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Linux in the News - Wednesday

Linux in the News - Wednesday

Microsoft Goes on the Anti-Linux Offensive Down Under

 "Microsoft has begun the year with a campaign which claims that Windows has a lower total cost of operation than Linux and outperforms the open source operating system. The software giant has set up a Web site called 'Get the facts on Windows and Linux' where the company presents 'the facts you need to make the choice between Windows and Linux.' A series of advertisements are to be run in major IT publications over the first half of 2004.

There are three studies by research groups, commissioned by Microsoft, all of which have been aired in the past - an IDC report titled Lower Windows Staffing Costs Provide a TCO Advantage Over Linux, a Meta group study headlined WinTel Server 10 Times Less Expensive to Operate Than Linux Mainframe and a Giga Research study titled Microsoft .NET Development Platform Delivers 25% Lower Development and Support Costs Than J2EE/Linux."

Sydney Morning Herald, January 7, 2003


Bruce Perens Cries "Foul!"

"The point they're trying to make is really quite specious. If anything, this lowers Microsoft's credibility and shows that they're losing ground to Linux....This could be a good thing for Linux. I think this may wake up some people in the business world who are going to see that Microsoft is scared of Linux, and that's going to get them to look at Linux as a serious possibility."

Bruce Perens, January 7, 2003
[quoted at Wired.com ]


Meantime Novell Goes on the Pro-Linux Offensive in the US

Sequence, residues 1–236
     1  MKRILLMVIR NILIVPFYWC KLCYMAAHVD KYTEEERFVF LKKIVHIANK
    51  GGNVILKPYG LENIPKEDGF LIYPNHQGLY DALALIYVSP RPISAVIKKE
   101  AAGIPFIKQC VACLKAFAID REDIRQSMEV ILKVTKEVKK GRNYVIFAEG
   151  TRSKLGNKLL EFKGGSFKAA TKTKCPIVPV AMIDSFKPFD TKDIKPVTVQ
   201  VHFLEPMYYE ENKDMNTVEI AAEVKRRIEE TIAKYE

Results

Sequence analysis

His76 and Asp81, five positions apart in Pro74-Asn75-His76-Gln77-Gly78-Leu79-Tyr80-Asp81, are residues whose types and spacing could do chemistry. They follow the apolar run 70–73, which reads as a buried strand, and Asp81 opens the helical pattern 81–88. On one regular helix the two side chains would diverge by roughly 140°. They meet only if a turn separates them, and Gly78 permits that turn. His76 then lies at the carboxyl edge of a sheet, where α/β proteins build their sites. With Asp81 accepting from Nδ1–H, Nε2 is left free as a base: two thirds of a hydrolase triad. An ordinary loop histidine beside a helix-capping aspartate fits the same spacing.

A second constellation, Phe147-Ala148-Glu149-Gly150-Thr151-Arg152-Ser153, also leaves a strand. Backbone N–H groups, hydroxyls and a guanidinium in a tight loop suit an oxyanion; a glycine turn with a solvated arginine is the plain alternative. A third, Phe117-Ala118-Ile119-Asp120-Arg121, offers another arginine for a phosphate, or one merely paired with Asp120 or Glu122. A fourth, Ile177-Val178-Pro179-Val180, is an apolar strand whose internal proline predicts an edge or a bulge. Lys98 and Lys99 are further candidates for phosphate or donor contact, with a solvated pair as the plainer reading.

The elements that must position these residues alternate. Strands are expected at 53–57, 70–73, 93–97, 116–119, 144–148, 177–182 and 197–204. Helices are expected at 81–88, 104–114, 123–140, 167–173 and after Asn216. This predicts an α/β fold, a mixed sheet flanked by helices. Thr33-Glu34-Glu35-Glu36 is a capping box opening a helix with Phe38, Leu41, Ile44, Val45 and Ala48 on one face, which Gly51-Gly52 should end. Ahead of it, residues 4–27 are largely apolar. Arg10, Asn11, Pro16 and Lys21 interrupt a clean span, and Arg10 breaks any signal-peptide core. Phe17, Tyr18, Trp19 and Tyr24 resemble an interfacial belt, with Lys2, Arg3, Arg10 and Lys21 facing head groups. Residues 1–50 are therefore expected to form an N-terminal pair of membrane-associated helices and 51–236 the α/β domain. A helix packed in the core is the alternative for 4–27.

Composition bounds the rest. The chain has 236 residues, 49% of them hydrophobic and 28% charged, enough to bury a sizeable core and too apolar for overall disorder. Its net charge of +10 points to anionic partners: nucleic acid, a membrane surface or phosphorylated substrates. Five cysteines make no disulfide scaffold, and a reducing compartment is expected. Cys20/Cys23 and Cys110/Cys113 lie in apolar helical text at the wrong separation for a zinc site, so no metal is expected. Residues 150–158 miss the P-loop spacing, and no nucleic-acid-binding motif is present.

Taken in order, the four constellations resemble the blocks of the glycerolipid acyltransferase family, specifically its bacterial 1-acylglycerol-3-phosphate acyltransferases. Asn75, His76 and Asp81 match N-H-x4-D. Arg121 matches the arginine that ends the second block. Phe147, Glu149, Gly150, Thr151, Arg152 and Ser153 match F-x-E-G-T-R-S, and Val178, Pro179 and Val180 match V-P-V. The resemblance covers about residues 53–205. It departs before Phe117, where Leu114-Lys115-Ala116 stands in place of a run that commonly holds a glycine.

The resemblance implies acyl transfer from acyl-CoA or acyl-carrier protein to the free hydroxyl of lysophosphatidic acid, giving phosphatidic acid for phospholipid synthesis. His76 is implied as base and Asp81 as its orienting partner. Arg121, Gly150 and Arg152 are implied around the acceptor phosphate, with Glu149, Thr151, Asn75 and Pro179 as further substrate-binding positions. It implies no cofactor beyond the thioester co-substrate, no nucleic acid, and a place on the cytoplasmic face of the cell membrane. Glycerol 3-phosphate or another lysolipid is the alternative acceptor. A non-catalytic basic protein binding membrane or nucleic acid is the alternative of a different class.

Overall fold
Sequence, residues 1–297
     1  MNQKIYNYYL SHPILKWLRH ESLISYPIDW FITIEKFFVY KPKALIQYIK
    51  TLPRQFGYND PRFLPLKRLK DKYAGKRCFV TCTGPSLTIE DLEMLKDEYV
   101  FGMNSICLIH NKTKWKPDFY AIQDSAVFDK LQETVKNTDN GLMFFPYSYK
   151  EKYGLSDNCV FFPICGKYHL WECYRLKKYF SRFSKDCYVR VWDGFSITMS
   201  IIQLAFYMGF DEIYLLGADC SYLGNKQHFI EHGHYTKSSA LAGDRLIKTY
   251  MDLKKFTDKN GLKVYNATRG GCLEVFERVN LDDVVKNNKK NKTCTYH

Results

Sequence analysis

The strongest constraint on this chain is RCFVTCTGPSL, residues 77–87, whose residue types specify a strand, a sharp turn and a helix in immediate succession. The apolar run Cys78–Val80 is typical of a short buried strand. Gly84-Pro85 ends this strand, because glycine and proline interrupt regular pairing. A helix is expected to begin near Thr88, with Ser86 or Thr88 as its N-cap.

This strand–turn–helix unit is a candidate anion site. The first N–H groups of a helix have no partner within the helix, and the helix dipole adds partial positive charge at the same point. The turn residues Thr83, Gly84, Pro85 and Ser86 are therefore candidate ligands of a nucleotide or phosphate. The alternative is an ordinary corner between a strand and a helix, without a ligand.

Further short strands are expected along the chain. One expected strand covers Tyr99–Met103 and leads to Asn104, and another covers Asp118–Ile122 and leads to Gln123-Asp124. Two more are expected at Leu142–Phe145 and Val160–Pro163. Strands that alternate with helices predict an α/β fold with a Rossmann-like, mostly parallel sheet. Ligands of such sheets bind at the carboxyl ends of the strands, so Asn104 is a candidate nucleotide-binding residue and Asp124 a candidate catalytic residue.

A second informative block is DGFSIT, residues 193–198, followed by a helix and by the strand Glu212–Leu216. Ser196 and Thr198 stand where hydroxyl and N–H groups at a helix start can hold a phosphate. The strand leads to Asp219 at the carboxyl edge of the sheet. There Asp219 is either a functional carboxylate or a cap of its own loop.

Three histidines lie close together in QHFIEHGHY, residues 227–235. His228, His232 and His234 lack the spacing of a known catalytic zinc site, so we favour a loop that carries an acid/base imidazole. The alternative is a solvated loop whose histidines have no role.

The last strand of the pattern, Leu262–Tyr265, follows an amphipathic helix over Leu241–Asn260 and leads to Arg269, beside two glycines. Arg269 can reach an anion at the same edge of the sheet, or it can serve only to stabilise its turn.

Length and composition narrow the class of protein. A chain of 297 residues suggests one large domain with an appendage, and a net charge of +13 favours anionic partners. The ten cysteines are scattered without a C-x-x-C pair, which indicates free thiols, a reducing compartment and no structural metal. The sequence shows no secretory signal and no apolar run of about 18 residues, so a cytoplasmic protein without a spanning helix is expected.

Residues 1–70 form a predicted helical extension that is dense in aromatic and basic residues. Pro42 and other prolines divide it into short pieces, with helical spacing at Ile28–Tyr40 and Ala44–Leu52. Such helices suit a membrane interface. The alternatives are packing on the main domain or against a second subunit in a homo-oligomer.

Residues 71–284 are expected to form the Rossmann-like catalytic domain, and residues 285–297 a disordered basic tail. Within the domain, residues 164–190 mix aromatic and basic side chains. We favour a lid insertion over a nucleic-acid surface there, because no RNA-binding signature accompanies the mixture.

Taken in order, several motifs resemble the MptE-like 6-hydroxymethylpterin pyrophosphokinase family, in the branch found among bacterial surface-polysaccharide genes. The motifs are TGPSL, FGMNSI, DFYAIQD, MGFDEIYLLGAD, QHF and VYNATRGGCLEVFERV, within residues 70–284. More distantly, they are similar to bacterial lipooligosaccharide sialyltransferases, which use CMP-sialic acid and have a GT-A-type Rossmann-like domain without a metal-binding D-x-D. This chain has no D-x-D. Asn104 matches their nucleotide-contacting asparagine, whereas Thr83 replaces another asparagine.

"One of the things that is really important to us is to get Novell to recognize that an open-source community is a social fabric of individuals organized in a meritocracy; it's not consortium or standards. If you're a company that wants to be credible and have strategic input in the Linux world—the open source world—you have to have key individuals weaved into that fabric that are part of your company. You have to have major contributors, people who are maintainers, people who are driving the strategy in the community, freely and openly, that are part of the company, too. You can interlace your goals and the goals of the community. That's how it works. And so it's not about a top-level decision to throw some money at Linux; it's about actually having people in the team.

When we got bought by Novell some of the initial things we heard from the people were skepticism. It was, 'Does this mean that Ximian going non–open source?' and, 'The code's going to disappear,' and so on. But the results have been just the opposite. We've been doing trainings and talking to the teams about how to offer the product strategy to better align with open source. And there's been a lot of eagerness. So over time, I think the effect people will see is more transparent development and more standard business development, not just replicating what the open-source community does.

Ultimately the goal is Novell actually becoming a huge contributor to and driver of Linux. At the time of the acquisition, I think we were shocked at the buy-in we had at [Novell executive] level and even at the board level to make that happen."